Report: 2018 Anti-Bribery and Corruption Benchmarking

Leading companies lack transparency over risks of modern slavery in supply chains, reveals new report

BY Fraser Tennant

Transparency among major companies relating to the risks of modern slavery in their global supply chains is severely lacking, according to a new report by corporate watchdog the CORE Coalition.  

The report – Risk Averse: Company Reporting on raw material and sector-specific risks under the Transparency in Supply Chains clause in the UK Modern Slavery Act 2015’ – examines the statements of 50 companies, as under the terms of the UK Modern Slavery Act, all firms with an annual turnover above £36m are required to publish a slavery & human trafficking statement.

Of the 50 companies under the microscope, 25 source raw materials known to be linked to labour exploitation – cocoa from West Africa, mined gold, mica from India, palm oil from Indonesia and tea from Assam. The other 25 operate in sectors known to be at-risk of modern slavery, such as clothing and footwear, hotels, construction, football and service outsourcing.

The report’s key findings include: (i) top cosmetics companies make no mention in their statements of child labour in mica supply chains, even though a  quarter of the world’s mica (a mineral used to create a shimmer in make-up) comes from mines in Northeast India where around 20,000 children are estimated to work; (ii) chocolate companies do not provide information in their statements on their cocoa supply chains, despite acknowledging that they source from West Africa, where child labour and forced labour are endemic in cocoa production; and (iii) jewellery firms do not include any detail on the risks of slavery and trafficking associated with gold mining, although estimates by the International Labour Organisation (ILO) suggest that close to one million children work in gold mines worldwide.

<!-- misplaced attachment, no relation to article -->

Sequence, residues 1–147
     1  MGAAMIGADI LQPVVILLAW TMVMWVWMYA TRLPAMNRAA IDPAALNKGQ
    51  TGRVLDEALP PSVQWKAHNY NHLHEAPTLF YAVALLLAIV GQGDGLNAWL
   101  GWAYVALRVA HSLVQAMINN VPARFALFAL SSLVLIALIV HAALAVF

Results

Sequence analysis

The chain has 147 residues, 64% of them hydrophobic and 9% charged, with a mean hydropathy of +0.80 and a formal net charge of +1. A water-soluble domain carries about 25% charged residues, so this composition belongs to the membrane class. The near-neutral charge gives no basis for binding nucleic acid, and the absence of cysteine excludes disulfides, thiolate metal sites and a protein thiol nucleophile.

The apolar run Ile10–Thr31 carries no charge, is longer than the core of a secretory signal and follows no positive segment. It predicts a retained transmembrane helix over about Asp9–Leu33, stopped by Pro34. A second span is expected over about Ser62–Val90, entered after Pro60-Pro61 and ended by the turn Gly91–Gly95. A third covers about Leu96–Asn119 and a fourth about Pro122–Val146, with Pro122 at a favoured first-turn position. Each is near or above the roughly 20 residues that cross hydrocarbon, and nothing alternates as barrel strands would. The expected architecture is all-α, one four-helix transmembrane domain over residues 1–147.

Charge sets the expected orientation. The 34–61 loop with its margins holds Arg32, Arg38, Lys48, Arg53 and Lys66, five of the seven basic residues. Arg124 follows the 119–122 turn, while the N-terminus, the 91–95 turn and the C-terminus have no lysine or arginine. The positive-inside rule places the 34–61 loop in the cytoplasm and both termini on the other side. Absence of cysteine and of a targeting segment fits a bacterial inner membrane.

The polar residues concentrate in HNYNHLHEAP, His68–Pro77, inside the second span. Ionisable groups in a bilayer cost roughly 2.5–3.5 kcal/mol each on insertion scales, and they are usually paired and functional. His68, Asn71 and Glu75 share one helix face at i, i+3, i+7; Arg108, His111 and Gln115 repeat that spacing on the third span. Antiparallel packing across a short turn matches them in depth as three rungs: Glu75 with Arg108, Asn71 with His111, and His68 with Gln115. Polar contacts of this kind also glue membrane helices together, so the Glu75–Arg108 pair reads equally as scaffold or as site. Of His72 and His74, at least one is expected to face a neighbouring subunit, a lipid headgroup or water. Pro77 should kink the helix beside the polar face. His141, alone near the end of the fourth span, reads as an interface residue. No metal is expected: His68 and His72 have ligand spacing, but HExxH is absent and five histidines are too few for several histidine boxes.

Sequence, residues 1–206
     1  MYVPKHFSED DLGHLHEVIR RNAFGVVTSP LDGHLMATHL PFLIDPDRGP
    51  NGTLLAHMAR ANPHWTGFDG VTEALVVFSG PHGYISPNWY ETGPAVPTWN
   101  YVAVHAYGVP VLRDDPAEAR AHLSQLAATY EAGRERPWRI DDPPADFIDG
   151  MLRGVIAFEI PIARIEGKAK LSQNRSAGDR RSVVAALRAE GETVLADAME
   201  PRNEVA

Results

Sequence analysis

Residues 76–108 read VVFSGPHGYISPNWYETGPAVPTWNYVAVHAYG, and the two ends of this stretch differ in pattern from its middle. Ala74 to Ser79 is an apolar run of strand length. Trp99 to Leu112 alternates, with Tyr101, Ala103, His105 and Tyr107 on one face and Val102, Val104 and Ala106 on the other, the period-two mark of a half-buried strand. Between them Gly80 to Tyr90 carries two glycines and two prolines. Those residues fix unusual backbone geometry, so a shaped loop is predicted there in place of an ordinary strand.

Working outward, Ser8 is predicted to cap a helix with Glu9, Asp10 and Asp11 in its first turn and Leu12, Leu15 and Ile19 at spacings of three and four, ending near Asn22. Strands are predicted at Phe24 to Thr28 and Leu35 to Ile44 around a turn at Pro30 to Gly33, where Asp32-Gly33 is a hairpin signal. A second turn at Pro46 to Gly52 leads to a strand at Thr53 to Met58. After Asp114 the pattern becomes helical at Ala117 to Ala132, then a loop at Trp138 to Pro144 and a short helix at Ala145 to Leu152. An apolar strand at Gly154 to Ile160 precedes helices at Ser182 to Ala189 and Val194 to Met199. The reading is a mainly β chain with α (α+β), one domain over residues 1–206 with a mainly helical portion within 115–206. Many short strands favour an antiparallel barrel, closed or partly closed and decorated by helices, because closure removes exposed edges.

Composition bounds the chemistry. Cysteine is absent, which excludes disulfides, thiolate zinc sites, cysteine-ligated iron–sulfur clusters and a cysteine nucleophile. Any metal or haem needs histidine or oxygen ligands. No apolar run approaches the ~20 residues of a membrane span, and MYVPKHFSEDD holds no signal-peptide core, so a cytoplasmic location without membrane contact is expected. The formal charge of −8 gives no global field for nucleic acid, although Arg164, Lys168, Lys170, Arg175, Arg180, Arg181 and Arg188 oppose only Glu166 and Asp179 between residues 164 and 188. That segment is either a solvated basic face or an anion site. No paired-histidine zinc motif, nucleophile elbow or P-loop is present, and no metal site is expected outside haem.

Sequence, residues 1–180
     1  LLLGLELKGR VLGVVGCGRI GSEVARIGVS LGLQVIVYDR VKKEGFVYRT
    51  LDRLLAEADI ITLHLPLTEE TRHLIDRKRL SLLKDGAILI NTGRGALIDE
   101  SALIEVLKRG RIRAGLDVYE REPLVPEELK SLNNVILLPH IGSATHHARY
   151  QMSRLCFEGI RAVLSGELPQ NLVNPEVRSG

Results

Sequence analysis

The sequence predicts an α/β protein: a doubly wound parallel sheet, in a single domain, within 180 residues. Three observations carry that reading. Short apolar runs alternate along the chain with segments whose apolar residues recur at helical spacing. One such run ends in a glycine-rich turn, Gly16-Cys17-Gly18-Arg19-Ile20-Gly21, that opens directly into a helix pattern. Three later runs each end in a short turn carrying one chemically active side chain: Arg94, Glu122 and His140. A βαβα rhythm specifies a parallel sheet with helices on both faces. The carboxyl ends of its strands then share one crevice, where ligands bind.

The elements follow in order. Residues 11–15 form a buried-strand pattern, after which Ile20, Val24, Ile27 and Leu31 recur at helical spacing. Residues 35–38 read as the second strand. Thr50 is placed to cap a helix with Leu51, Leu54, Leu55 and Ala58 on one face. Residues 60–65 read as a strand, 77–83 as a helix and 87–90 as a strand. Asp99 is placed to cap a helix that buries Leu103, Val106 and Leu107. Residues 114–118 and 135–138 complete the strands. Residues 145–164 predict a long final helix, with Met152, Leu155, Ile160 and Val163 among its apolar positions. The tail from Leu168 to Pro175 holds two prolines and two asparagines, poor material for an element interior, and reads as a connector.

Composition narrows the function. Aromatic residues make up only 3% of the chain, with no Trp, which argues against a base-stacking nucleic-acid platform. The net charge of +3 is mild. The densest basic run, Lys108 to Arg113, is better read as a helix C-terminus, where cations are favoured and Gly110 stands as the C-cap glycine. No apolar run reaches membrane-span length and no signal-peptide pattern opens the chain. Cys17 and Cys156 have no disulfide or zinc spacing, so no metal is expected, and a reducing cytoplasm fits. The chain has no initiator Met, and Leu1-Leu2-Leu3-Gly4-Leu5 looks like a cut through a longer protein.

“With an estimated 24.9 million people in slavery globally, the level of complacency from major companies, particularly those that trumpet their corporate social responsibility, is startling,” said Marilyn Croser, director of CORE. “Genuine transparency about the problems is needed, not just more public relations.”

While the report focuses in the main on companies that do not report specific risks of slavery and trafficking within their supply chains, some examples of good practice are noted.

Ms Croser continues: “These firms are acknowledging the drivers of modern slavery and situating their response within a broader strategy to respect human rights. We expect other businesses to step up to the mark in the second year of reporting under the UK Modern Slavery Act.”

Report: Risk Adverse: Company Reporting on raw material and sector-specific risks under the Transparency in Supply Chains clause in the UK Modern Slavery Act 2015’